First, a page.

When we awoke, it was a day like any other. Little T ran into our room, screaming, "I'm awake! Mommy, Daddy, I'm awake. It's morning time!" In spurts from her crib, Little S cried "mamamamamama, mamamamama," until Jeff crawled out of bed and picked her up. When I managed to drag myself out from under the cover, T wrapped himself around my arm and screamed, "Mommy, I want to be with you, I want to be with you!" as he smothered me with open mouthed kisses. I pried myself loose and ran downstairs to grab some milk for S and headed back up. After the milk, the change of diaper, the pee-pee on the potty, the undressing of pajamas and then the dressing into the day's outfit, after a discussion on whether it was a school day or a swim class day, we all scurried downstairs. After Jeff burned the frozen waffles and made another for T, after S nibbled on prunes and kiwi to make her business a little less unpleasant, I took my shower. Then I ran into the garage to unload the laundry dried the night before and to load yet another load in our never-ending cycle of laundry. When I turned with my basket in hand, I noticed a stack of plastic bins leaning, threatening to crush us, and I called Jeff into the garage to rearrange the plastic bins to remove the one with the broken lid on the bottom and set them straight. After the rearranging, we made plans to go out for lunch. Then, Jeff hurried out to take T to his morning swim class while I cleaned the smeared fruit off of S's face.
When Jeff and T returned, I loaded the kids into the car to go to playgroup. At E's house, we nibbled on snacks, chatted with other moms and cooed at other babies, rubbed smeared paint off of T and S as they expressed their artistic inclinations at the craft table. After the hour passed in what seemed like minutes, I hurried out with the kids to try to make it home in time to meet Jeff as we had planned. In the car, I checked my phone and noticed his email, canceling our lunch, explaining that he needed to take Sherlock to the vet for a follow up exam, that it wasn't looking good.
I drove around with the kids strapped in their carseats, little S fast asleep, T prattling on as he always does. We headed for the McDonalds drive thru, where I could feed T his lunch without disrupting little S's nap. After debating the disadvantages of the cheeseburger versus the chicken mcnuggets, we settled on the cheeseburger, which he promptly decided not to eat after poking five holes through the buns because he found the cheese not to his liking, although he ate the apple slices and drank the milk. I drove us back home and finally, impatient, and unable to entertain T any longer, I awoke S from her nap and herded us inside. After some playing with legos and magna tiles and tea sets, T fell asleep after I bribed him with an after-nap movie.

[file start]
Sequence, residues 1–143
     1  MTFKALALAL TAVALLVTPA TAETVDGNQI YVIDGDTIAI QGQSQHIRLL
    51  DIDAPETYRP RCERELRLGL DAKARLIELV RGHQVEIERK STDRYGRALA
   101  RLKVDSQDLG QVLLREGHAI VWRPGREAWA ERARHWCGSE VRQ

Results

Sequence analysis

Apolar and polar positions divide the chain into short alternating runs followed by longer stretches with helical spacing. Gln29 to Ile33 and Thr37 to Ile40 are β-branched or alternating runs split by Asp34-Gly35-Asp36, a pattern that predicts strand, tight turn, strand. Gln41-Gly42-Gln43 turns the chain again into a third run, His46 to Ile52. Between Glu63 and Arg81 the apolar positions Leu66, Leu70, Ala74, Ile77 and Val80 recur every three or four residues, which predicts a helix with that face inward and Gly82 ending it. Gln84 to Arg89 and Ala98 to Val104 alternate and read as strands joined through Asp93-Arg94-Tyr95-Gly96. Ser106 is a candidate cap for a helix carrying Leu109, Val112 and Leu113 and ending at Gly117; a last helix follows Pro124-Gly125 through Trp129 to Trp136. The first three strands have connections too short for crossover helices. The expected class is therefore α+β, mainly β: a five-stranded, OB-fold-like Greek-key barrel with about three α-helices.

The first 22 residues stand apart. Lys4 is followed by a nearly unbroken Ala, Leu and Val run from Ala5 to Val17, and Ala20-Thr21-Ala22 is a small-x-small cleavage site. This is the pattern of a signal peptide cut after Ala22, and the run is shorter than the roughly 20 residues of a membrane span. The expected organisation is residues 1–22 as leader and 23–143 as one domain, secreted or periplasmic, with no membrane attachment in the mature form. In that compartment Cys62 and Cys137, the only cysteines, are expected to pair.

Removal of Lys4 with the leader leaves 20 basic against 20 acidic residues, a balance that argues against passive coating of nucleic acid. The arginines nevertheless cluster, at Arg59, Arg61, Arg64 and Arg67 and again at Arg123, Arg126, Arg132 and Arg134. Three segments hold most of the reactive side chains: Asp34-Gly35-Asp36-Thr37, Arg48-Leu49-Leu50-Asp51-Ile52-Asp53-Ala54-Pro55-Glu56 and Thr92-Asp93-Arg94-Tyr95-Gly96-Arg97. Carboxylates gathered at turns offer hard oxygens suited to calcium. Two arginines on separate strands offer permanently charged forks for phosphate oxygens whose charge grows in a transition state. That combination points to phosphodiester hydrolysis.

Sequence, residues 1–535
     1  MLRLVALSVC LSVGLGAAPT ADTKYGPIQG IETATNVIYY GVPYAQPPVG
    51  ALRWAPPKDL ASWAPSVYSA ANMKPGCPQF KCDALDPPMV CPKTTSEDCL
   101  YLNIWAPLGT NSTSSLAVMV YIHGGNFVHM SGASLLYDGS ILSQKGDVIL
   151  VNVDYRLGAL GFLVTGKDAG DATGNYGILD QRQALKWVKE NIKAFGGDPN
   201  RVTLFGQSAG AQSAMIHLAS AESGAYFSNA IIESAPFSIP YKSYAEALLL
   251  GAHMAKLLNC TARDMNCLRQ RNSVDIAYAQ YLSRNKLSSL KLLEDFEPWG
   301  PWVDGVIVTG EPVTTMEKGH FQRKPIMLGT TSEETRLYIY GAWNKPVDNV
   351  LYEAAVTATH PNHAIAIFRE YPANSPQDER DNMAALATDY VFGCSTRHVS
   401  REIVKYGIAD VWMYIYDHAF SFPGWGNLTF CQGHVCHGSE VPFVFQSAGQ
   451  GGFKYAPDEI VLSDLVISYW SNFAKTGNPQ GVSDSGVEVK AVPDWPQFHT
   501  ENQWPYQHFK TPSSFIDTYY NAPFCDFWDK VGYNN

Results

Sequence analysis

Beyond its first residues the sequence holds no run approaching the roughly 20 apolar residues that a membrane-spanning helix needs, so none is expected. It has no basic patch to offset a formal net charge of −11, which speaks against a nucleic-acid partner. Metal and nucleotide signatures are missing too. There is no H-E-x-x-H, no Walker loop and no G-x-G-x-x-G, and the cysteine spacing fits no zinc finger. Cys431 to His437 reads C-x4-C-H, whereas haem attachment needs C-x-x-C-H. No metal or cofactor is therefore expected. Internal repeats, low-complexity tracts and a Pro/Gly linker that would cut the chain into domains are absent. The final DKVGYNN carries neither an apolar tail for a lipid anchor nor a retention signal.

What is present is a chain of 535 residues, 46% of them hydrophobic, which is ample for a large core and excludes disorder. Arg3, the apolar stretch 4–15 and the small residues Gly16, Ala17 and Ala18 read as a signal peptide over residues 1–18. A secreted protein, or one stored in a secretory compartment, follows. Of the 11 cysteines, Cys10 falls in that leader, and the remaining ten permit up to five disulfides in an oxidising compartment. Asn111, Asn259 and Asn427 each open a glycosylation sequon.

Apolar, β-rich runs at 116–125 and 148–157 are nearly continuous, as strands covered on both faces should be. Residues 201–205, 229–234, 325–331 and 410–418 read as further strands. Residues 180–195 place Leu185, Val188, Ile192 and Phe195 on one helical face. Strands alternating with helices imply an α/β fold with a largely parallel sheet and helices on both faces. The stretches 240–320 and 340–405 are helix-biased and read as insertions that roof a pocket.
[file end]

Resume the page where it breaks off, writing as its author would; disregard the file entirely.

Three hours later, Jeff still wasn't home, and I left him a voicemail and a text, wondering what the hell was taking so long. S and I flipped through fourteen different board books, pointing at dog, dog, ruff, ruff, kitty, kitty, meow, meow, and duck, duck, quack, quack. I refilled the ball popper again and again as she giggled and bounced up and down in delight. We walked around the living room and then through the kitchen, and then through the living room again, with her soft tiny hand wrapped around my index finger. I wedged myself between her and the garbage drawer where she likes to practice her newly discovered hobby of throwing tissues away, after daintily dabbing away at her little mouth, me hoping she would never discover the crushing pain of closing doors.
As we took yet another turn around the living room, I heard the gate squeak open, and I scooped S up and headed to the front door. There I saw Sherlock lingering around his dog house next to the bowl of dry food still left uneaten, his belly shaven of fur in a large rectangular patch the size of a laptop, and no sight of Jeff. Still carrying S, I walked out the front door, toward the front gate when I saw Jeff come out from behind the garage where he had been throwing something out. He saw me, came up the three steps into our front yard, and standing with his hand extended to steady the swinging gate, said with an attempted smile, "I took him for a swim," pointing at Sherlock. "How did it go? Did the vet figure out what's wrong?" I asked. And he looked up once again and looked back down, with his hand still on the gate, as he said, "So, he has cancer. They did all the tests and the ultrasound showed the lumps and they're pretty sure that's what it is. And we can do chemo but it's eight thousand dollars and it may or may not give him another six months and I always thought it made no sense for dogs when there are kids out there who can't get treatment and maybe we just donate that money where it can be used for a kid. They think he has a few weeks left, but they have some steroid treatment they can try..." And he kept talking as if he were afraid to stop talking, afraid to take a breath, afraid to let the words run out. And as he talked, my ears must have gotten stuck many words ago, right around the beginning when he said the word cancer and a part of my brain must have been trying to process it because I stood very still as the word began to sink in. And I felt myself starting to crumble. It was as if someone had injected me with some narcotic, making my body feel heavy, weighted, overtaken by emotion and tears that just sprang out of nowhere, and I started crying and Jeff said, "You're going to make me cry now." I reached out and we held each other with S in between us, in front of the gate, both of us leaning in to each other and staring at Sherlock through our tears.